Initially the sisters remained in Britain to help treat the injured soldiers, sailors and airmen returned from foreign battlefields with horrific injuries caused by bullets, bayonets and bombs, some still bleeding and broken and, as-often-as-not, missing limbs. The work was horror filled but the young men and women were strong and fought to get better so most were saved, sometimes from themselves, then sent home to their waiting loved ones for recuperation.

In July 1942 Anne Murphy was commissioned 'Sister' in the QAIMNS/R, a branch of the military first formed in the Crimea in 1854 when Florence Nightingale took 38 women to work as nurses and nursing attendants at Scutari Hospital in Turkey. In 1943 Anne travelled by ship, via the Horn of Africa to join the allied troops in the north of the country. Operation Torch, the Allied invasion of North Africa, had begun just months before and after allied landings at Casablanca, Algiers and Oran, Field Marshall Montgomery pushed his troops hard to destroy the occupying forces of General Erwin Rommel and the might of the German Army. Casualties were inevitable and because the aid stations at the beach heads overflowed quickly, casualties were moved rapidly by hospital train to Bone [now Annaba] for evacuation by sea.

At thirty four, Anne was almost ten years older than most of her patients and sometimes when darkness fell in the quickly cooling desert and lights were dimmed in the tents, her baggy khaki battle dress and army boots meant she was often mistaken for a male doctor or orderly, only the stars glinting off her pips gave her rank and position away.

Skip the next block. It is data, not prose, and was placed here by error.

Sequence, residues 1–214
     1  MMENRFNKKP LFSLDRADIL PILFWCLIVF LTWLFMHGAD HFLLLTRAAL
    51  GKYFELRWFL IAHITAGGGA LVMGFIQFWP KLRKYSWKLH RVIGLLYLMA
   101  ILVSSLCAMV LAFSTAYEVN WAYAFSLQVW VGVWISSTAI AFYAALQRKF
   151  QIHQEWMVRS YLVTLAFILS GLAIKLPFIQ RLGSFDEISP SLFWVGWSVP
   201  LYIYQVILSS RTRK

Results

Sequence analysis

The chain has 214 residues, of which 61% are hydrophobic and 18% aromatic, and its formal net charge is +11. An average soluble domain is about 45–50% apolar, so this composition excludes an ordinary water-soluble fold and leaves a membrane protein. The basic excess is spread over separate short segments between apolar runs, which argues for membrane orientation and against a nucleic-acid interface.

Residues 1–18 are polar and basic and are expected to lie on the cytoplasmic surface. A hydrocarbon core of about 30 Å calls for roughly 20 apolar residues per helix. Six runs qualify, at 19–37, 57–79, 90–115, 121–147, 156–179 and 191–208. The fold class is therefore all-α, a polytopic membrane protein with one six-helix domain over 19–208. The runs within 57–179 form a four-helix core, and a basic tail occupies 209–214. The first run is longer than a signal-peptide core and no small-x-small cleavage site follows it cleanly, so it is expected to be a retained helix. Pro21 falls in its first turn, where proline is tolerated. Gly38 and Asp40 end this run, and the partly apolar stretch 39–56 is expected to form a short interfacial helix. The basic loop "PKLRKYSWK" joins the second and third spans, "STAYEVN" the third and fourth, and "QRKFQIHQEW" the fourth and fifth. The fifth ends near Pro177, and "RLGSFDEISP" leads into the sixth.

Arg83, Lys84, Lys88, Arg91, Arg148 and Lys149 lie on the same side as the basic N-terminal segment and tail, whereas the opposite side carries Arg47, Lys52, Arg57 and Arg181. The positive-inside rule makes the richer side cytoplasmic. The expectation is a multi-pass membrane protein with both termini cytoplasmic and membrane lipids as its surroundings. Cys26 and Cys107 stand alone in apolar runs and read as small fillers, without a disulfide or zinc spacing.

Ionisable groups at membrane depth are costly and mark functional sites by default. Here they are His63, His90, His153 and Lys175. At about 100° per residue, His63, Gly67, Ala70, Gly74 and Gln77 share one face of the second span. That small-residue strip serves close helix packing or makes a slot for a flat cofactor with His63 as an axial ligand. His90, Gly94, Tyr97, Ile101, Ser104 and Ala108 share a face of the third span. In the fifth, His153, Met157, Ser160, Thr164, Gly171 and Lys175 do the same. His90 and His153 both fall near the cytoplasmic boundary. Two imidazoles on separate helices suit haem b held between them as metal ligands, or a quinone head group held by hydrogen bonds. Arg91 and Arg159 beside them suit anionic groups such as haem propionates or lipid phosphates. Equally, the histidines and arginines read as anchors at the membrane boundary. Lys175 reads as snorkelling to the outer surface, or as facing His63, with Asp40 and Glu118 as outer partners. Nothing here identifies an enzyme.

"The Penicillin injections alone would keep members of the staff busy on each ward, as they had to be given 3-hourly day and night, and it was possible to have as many as 35-40 in one batch".               Annie Hughes QAIMNS.

   
 
 

Although sprightly, climbing the three feet into the converted cattle railway cars was awkward but manoeuvring stretchers without tipping the disabled patients off onto the hard and sandy ground, a real struggle, and in many cases frightening. The ensuing journey to Bone was not long but the temperatures in the cars could exceed thirty degrees centigrade during the day with seventy-five percent humidity which exacerbated cases of heat stroke. Travel at night saw the other extreme as it cooled rapidly to as low as eight degrees and additional blankets were required. The rancid smell from those poor souls with dysentery meant that doors had to be kept open unless sand storms

 
 
   

"It was routine treatment to put all these casualties on to Sulphonamide, and a good system of cards is now in use for this and Penicillin, so that a course, once started, can be checked and dated at each stage of the journey and the patient is not kept waiting for the rest of his course until he gets to Base".               Annie Hughes QAIMNS.

   
 
 

forced closure so there was only limited reprieve. Moving externally between cars, Anne could occasionally see campfires amongst the palm trees silhouetting camping Tuareg people at their overnight stops and wisps of charcoal and spices entered the carriage, misleading her senses.

Anne moved into the European Battlefield and her sister Mary to Sicily but as the Victory in Europe (VE) day came and went, her services were required nearly four thousand miles away in Agra, India, where with many Indian colleagues and patients, she continued to dispense aid to the needy under very trying circumstances at the Bareilly Military Hospital.